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Engineering Courses via the Internet Gaining in Popularity

May 19, 2005

The College of Engineering’s Engineering Center for Distance Education is televising 37 courses this spring and enrollment in most of the courses is growing. In addition, most of the students viewing the courses in their home or office are viewing them via the Internet.

Though most engineering distance education students are employed in the Dallas-Fort Worth area, others are in Austin, Denton and Greenville Texas; Claypool, Indiana and Walled Lake, Michigan. There are four students in Walled Lake, all working at Williams International and pursuing an advanced engineering degree in propulsion. Williams develops and manufactures small gas turbine engines used on private and business jet aircraft. A Williams jet engine powered the GlobalFlyer on the first solo non-stop flight around the world earlier this year.

UTA alumnus Steven Stanley, an engineer at Williams International, recommended UTA’s distance education opportunities to several of the engineers at Williams. “After taking the Advanced Propulsion class at UTA in the spring of 2004, I thought they would probably benefit from taking the class, too,” he said. “The Mechanical and Aerospace Engineering Department at UTA offers a solid engineering program based equally on engineering principles and the science behind engineering. Dr. [Don] Wilson addresses both the science behind propulsion and the engineering techniques and disciplines required to become a successful propulsion engineer.”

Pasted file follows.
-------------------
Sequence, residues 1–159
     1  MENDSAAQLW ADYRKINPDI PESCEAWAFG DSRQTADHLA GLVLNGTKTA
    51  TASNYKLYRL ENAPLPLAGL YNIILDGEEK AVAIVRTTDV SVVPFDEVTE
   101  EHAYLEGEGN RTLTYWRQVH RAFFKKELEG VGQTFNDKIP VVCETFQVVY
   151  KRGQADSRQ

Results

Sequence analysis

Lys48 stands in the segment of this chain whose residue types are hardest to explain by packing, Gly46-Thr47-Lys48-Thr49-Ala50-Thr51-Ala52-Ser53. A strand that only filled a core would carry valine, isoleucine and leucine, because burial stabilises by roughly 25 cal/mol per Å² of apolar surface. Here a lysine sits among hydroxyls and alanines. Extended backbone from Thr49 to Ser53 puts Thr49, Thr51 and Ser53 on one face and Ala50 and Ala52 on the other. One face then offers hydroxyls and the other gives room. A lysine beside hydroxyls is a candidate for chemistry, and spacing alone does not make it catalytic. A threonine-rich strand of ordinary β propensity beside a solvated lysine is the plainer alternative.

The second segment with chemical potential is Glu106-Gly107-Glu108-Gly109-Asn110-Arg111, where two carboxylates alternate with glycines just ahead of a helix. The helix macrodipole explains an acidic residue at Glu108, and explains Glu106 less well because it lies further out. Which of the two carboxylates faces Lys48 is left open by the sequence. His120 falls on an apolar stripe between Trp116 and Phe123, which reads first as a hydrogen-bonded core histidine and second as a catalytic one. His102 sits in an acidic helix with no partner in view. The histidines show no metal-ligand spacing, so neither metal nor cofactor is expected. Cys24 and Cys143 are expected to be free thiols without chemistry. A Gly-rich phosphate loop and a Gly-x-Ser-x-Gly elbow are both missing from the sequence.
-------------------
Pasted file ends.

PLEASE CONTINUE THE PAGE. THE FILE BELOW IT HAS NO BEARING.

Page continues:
The switch from viewing courses on videotape to streaming video on the Internet has brought several improvements to the course delivery. “We’re able to have the course available online within an hour or so after the class time,” said Dave Davis, director of the Engineering Center for Distance Education. “That means students can view the class on the same day as on-campus students. There’s no waiting for a videotape to arrive in the mail, and there’s no need for a VCR.”

Last fall, 28 students received videotapes and 79 used streaming video on the Internet. This spring, 53 students chose videotapes and 115 are using the Internet.

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